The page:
Hurricane Newton Fuels Need For Fuel
Hurricane Newton, the desert soaker of 2016 made the record books as the seventh hurricane to make landfall near Los Cabos, Mexico since 1971. After making landfall, Hurricane Newton moved up the southern Baja peninsula of California on the 6th of September 2016. Reports of 89-90mph wind gusts were reported. With nearly 4 inches of rain drenched the ground up until Wednesday morning. The next to feel the brunt of the force was the northwest Mexican state of Sonora where the hurricane was downgraded to a tropical storm
The storm began to decay but spread a narrow path of soaking rain through parts of southern Arizona and New Mexico on the 7th of September.
The heaviest rain to drench Arizona fell in Pima and Cochise Counties in the southern part of Arizona with rainfall reported to reach nearly 6 inches. In New Mexico it was reported by the National Weather Service that nearly 1 inch of rain fell in a short 20 minute span with wind gusts at over 50 miles per hour and at higher elevations the wind was reported to reach upwards of 68 miles per hour.
Before going international, Newton was downgraded to a tropical storm as it crossed the border on Wednesday afternoon, the first tropical storm since Nora which hit in 1997.
Emergency Fueling For Newton
As Newton fueled the rains, the need for emergency diesel fueling was felt on our end. At Jaguar Fueling Services the number of requests for emergency fuel delivery increased. There was a cyclone of activity in our Houston, Texas area headquarters as the calls for delivery increased daily as proactive businesses prepared for the storm to come. Thankfully there was not much damage caused by this storm; however, the preparation for any storm is essential for those who want to stay ahead of a storm. It was Benjamin Franklin who once said, “An ounce of prevention is worth a pound of cure.” Many of our customers were diligent in their preparations and had the storm been much worse than it was, they would have had the supplies to spring into action following the wake of heavy rains and high winds associated with hurricane and tropical storms. Many of the municipalities gearing up for the the storm have the supplies on hand should the hurricane season bring another desert soaker.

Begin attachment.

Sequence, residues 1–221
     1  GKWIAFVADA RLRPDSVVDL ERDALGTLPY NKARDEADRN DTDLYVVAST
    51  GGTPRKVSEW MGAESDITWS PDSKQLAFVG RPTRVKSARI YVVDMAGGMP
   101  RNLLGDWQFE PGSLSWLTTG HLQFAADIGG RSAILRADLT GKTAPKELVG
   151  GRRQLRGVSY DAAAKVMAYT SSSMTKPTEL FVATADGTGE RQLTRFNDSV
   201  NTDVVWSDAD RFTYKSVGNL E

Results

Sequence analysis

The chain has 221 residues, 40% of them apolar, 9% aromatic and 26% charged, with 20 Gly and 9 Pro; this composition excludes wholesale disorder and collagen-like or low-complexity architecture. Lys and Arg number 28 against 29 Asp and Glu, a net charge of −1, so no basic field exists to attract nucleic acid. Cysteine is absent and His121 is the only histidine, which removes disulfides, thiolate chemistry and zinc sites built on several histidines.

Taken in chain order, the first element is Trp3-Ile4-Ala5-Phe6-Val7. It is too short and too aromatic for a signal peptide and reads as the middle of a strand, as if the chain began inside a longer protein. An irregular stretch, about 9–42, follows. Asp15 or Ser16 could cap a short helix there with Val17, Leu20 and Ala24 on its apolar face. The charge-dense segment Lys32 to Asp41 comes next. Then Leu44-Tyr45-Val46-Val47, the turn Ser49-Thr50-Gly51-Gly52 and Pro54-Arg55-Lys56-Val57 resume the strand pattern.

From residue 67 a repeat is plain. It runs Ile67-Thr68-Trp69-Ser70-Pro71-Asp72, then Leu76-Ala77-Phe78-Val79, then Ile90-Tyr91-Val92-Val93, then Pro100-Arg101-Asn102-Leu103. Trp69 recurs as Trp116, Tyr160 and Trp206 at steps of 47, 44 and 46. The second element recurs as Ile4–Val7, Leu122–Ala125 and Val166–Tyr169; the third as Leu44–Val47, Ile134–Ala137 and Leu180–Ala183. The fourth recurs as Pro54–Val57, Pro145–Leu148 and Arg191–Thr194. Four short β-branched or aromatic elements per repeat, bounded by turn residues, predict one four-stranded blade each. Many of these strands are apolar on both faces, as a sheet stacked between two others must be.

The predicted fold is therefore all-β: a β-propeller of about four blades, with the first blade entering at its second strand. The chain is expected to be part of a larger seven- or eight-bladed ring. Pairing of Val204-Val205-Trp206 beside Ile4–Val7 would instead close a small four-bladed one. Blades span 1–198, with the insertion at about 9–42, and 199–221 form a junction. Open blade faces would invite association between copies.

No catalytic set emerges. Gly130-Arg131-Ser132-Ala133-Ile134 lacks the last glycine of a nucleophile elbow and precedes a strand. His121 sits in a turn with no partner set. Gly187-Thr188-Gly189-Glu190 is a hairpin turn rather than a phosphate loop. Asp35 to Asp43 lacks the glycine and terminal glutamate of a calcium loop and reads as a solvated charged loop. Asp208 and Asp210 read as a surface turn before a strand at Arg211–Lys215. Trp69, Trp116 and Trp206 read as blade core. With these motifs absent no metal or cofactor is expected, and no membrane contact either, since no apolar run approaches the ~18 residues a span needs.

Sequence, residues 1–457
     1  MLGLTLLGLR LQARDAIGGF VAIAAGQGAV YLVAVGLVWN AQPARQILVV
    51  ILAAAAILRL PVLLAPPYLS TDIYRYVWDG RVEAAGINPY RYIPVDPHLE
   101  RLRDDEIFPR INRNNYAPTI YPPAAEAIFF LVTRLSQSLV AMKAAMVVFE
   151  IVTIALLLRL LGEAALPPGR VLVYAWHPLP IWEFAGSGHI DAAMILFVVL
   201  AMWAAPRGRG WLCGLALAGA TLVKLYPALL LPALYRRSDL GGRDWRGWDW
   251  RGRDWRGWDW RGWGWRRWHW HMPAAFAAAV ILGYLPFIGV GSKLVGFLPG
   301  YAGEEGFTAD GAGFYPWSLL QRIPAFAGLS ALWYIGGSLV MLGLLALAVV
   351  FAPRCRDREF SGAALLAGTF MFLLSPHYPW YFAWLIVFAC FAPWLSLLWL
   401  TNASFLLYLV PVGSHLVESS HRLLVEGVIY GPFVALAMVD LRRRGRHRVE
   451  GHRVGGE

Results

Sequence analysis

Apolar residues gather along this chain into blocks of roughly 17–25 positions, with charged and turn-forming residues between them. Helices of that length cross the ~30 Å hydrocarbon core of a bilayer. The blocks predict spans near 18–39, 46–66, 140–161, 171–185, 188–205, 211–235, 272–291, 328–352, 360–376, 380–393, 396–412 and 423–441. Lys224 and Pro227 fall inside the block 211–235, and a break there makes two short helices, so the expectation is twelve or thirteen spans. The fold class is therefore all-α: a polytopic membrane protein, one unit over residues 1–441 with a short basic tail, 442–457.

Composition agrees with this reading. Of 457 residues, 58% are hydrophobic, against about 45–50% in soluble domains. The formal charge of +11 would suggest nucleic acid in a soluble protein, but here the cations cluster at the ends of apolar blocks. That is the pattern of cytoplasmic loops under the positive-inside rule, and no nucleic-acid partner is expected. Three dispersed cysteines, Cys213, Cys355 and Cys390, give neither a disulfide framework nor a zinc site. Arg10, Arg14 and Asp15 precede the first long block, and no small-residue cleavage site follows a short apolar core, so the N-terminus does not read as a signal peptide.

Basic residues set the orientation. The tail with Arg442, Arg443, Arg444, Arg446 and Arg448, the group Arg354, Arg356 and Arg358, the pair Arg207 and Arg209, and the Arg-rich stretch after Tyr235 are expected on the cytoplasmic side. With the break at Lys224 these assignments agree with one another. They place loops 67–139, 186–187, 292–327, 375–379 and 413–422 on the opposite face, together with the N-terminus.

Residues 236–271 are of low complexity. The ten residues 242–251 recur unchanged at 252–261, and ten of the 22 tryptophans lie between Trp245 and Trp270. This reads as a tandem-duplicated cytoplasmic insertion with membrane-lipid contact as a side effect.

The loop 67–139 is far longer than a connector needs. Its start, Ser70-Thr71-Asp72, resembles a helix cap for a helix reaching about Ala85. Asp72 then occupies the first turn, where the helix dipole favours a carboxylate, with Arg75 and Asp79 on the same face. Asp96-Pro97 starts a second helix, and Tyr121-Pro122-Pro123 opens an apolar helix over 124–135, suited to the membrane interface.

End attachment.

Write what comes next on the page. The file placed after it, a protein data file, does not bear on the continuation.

“An ounce of prevention is worth a pound of cure.”
– Benjamin Franklin